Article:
• Say I had the Install.WIM located in C:\Images, I would type the following command: DISM /Online /Cleanup-Image /RestoreHealth /source:WIM:C:\Images\Install.WIM:1 /LimitAccess
    The DISM scan can take a while, often times longer than an CHKDSK or SFC scan. To speed up the process, have the Image.WIM on a faster flash media or on local storage rather than disc media. This will help greatly. In many cases one or two runs of this command will repair most issues I've found with Windows 8/8.1.

    Once the DISM repair process has been found successful, or not, I will perform a reboot. If the repair was unsuccessful, this will be when I attempt a second pass. If the second pass fails, it is time to move onto the next solution.

    However, if the DISM repair passes at any point, reboot the system and then perform an SFC to confirm no further issues are found or need resolved. This step is likely overkill for those not seeking to do optional steps.

    Operating System Refresh

    It should be noted that in the event DISM fails to repair the system, then an OS refresh would be the next suggestion if the deployed that could save the user's files and OS deployment.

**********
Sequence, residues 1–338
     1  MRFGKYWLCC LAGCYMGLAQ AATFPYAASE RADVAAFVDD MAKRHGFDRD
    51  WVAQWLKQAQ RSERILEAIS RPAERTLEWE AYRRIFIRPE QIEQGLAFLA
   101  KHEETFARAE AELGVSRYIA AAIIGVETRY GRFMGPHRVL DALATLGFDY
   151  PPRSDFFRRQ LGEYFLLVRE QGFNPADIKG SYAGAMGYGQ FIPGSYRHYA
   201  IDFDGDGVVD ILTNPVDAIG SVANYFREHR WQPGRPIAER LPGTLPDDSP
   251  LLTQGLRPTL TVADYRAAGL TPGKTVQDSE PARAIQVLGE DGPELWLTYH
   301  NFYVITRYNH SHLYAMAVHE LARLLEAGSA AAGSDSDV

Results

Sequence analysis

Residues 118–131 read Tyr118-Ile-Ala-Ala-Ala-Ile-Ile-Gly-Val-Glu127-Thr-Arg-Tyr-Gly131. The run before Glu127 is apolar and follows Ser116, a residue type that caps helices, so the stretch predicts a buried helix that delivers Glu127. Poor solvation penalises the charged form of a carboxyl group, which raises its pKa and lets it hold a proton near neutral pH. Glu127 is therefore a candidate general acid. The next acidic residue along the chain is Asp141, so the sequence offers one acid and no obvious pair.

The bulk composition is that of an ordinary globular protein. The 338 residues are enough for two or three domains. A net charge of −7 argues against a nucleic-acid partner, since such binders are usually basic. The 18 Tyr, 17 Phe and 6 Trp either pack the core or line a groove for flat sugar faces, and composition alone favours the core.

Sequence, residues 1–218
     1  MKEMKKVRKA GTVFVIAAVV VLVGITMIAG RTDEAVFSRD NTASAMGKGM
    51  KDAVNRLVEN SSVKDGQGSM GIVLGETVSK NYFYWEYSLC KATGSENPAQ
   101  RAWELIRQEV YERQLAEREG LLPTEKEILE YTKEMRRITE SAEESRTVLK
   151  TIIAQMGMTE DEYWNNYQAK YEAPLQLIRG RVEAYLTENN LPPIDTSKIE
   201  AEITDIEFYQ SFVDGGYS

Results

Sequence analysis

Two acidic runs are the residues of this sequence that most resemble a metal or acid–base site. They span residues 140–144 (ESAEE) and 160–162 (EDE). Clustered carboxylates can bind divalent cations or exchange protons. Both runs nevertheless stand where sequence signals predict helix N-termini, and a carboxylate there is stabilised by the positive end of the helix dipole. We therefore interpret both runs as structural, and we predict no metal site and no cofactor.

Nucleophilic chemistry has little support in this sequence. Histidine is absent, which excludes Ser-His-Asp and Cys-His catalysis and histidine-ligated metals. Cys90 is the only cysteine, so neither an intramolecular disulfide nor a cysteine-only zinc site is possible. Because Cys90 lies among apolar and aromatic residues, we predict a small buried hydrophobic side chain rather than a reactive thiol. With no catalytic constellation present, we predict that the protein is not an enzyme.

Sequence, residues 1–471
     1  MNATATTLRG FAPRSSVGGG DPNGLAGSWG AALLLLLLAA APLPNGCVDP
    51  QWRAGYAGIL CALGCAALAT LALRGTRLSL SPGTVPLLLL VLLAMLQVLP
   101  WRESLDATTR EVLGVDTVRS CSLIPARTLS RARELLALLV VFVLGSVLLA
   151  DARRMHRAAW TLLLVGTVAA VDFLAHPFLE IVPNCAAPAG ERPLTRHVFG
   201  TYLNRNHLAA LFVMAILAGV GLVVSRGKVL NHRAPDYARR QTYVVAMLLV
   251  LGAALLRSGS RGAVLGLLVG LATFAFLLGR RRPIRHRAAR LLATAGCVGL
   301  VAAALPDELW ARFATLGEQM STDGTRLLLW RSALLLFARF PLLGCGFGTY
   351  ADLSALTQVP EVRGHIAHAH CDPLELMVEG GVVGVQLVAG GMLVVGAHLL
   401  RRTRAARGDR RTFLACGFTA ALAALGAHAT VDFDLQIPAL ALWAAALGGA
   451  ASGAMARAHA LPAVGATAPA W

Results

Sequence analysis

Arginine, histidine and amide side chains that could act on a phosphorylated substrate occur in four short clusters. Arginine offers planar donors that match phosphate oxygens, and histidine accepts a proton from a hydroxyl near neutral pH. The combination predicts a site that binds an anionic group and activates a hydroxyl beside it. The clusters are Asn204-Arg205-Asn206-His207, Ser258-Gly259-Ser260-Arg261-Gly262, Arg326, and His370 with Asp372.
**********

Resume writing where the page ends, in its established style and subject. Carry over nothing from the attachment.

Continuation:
This feature has been an available feature since Windows 8 launched in 2012. The biggest benefit with this option over Windows 7's in-place-upgrade is not necessarily requiring the OS installation media to perform the repair.

    If the system is an OEM, an OS refresh from the OEM partition may mean a reinstall of the OS and loss of user data but the restoration of OEM software and bloatware. But you can still choose a manual OS-only refresh without the bloatware if you take the correct steps.

    The best choice in my opinion is to run an OS refresh procedure from the advanced boot menu or you can run the installation media while in Windows to perform and Upgrade installation, this will keep your files and settings but replace Windows files and components.

    To access the advanced boot menu for Windows 8, there are a several options.
    • When choosing restart from the OS GUI, hold down SHIFT and click restart. This method will work even if you cannot log into a profile on the system which makes it very useful in some situations.
    • If logged in, access PC Settings, and click Restart Now under Advanced Startup.
    • If logged in, open a command prompt window and type shutdown /r /o /t 0 which will initiate a reboot into the advanced menu right with no delay. Without /t 0, there will be a 60-second delay. The number value after the /t is delay seconds.
    Once you've reached the advanced boot menu, choose Troubleshoot. From there you can choose to Refresh your PC, Reset your PC and Advanced Options. For this repair, we want to choose Refresh your PC. It's description reads "If your PC isn't running well, you can refresh it without losing our files." That is exactly what we want to accomplish here!